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How the best brand mascots build buzz

Duo is going to the Super Bowl. McNugget Buddies are back. Grimace never left. The most exciting brand mascots respond to and play off of existing energy, transforming display and out-of-home ads into social media conversations. Here’s how some of the biggest brand mascots are building buzz.

Grimace embraced his social story

When McDonald’s announced Grimace’s birthday over the summer, the quick-service restaurant could not have expected TikTokers to post videos pretending the purple monster was killing them. While McDonald’s didn’t go so far as to represent Grimace as harmful, they embraced the chaotic content, posting a picture of Grimace reacting to the trend.

Since this summer, #GrimmaceShake has racked up 3.9 billion views on TikTok. Even though Grimace’s narrative took a turn, McDonald’s playfulness allowed the brand to ride out the storm and benefit from the buzz.

Photo: McDonald’s on X

Duo has a clear identity

Language learning app Duolingo’s mascot Duo has also developed a memeified “evil” identity due to the platform’s persistent practice reminders that come from the voice of the owl. Duolingo has leaned into the mascot’s aggression, but they never take the joke too far. Duolingo’s style guide describes the owl as helpful, motivating, and slightly awkward, and that he is never negative, threatening, or overly creepy.

“Be scrappy,” Duolingo’s CMO Emmanuel Orssaud said at Marketing Brew’s The Brief back in May. Orssaud said 70% of marketing should be reactive, quick work.

Photo: Duolingo

The Spongmonkeys are bold

Quiznos announced in October that it would bring back the Spongmonkeys, “a pair of eternal creatures who love nothing but the subs and maintain an ever-positive attitude,” Quiznos’ CMO Brett Philip told MediaPost. Quizno’s goal was creating a conversation. “We don’t claim that everyone loves them—but they are undoubtedly memorable, and some have conjured a tremendous following,” said Philip.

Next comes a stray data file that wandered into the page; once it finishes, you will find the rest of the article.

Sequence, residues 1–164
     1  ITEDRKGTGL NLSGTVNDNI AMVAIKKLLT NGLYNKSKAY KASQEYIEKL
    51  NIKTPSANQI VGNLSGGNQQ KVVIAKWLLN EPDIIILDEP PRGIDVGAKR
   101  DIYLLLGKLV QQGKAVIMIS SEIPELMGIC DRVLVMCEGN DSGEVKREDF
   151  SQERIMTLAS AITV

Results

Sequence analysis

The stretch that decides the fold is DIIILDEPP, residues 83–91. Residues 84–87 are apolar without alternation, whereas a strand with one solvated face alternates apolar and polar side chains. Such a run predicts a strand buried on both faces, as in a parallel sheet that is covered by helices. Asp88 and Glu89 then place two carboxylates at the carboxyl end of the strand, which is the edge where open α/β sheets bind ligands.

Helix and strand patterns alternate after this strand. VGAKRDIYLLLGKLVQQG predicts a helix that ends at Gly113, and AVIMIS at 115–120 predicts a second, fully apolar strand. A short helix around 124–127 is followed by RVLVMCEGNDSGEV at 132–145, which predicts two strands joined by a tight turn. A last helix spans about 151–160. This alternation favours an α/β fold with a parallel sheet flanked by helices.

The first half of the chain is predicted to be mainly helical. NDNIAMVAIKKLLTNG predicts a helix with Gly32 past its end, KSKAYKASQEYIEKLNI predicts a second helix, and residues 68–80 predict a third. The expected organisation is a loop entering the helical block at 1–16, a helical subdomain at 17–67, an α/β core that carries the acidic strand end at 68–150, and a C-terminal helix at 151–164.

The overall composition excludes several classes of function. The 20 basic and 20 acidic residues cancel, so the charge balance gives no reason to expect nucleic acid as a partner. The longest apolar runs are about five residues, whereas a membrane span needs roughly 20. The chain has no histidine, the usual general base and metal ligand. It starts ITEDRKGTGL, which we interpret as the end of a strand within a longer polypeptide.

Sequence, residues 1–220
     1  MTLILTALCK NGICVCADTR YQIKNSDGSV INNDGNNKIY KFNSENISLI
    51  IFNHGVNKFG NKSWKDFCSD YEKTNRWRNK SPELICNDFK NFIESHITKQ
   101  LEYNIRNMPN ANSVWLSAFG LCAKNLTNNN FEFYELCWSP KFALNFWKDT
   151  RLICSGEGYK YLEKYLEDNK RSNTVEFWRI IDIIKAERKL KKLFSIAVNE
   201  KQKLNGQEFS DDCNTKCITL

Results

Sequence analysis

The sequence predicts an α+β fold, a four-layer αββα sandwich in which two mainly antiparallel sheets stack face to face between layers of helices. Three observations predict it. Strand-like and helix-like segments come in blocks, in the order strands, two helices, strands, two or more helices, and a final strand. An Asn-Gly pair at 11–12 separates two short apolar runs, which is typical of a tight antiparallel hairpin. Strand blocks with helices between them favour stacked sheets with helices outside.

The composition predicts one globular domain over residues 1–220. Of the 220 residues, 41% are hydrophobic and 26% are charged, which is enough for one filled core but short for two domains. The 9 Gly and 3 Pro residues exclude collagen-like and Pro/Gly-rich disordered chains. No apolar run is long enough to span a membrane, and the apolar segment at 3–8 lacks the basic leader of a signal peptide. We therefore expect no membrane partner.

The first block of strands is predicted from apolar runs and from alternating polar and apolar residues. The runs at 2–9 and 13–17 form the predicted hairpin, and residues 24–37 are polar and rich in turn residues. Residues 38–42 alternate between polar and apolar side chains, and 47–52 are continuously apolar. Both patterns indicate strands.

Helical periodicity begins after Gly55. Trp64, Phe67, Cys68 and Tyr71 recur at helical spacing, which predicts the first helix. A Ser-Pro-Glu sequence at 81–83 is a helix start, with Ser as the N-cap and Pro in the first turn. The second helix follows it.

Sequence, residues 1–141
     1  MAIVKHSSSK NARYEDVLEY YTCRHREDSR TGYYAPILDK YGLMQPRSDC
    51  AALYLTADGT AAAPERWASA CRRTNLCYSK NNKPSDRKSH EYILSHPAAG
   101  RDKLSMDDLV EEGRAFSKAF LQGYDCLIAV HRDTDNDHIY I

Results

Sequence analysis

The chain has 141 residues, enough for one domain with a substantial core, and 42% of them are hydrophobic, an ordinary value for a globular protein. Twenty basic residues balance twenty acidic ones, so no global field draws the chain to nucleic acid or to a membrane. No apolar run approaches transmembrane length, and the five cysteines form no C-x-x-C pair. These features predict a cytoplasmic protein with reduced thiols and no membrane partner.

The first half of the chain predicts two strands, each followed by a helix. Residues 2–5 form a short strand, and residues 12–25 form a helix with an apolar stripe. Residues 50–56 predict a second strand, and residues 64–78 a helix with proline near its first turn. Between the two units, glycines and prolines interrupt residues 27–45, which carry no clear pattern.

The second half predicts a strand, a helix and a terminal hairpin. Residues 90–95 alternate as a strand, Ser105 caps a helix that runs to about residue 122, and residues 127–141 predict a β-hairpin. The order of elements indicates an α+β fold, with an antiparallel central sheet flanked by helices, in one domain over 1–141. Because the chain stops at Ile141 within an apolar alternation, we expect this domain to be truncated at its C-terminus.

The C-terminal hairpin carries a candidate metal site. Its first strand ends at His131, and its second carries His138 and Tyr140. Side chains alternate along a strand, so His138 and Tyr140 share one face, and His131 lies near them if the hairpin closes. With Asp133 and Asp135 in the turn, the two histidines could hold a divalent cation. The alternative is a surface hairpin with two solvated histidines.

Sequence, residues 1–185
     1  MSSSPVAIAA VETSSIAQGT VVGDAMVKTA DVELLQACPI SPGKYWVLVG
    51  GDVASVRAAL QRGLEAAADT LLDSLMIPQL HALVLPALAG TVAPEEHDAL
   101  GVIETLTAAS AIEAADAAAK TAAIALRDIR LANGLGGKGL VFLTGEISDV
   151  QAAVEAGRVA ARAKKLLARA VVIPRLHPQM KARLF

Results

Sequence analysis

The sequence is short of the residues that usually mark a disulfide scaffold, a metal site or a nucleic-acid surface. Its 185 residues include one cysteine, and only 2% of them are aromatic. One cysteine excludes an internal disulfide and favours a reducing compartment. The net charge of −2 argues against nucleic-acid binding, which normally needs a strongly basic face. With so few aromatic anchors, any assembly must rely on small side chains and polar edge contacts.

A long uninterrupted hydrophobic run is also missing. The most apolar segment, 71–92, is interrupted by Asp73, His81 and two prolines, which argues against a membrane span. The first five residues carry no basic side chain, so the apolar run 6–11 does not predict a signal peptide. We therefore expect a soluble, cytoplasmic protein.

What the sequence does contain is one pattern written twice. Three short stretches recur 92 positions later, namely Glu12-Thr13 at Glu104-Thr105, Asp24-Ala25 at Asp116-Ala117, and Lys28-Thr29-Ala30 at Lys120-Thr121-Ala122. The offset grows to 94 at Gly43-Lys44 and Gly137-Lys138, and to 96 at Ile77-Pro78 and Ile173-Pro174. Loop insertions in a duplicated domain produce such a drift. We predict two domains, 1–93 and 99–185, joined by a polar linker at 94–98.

Photo: Quiznos

Pop-Tarts is innovating on what a mascot can be

Last week, Pop-Tarts announced the first ever edible-mascot, stating in a press release, “when the final whistle blows, transform into a game-winning snack for the victors.” The announcement sounds like Pop-Tarts will be handed out at the Pop-Tarts Bowl game, but the fairly simple mascot move is sure to attract attention.

Photo: Pop-Tarts

McDonalds is throwing it back

Following the success of the Grimace shake, McDonald’s is bringing back another old mascot—the McNugget Buddies, first introduced in 1988. It’s unclear if these anthropomorphic chicken nuggets will pack the same cultural punch as their colleague, Grimace, but McDonald’s is wise to take ideas from its storied brand history.

Photo: McDonald’s

M&Ms played off of controversy

M&M’s spokescandies were a source of controversy last year after the brand updated some of the characters’ appearances. The company found a way to play off of that conversation by putting the playful personas on pause ahead of the Super Bowl and then bringing them back for a star-studded ad. The campaign acknowledged controversy surrounding the brand without alienating fans along the way.

This was originally featured in the eMarketer Daily newsletter. For more marketing insights, statistics, and trends, subscribe here.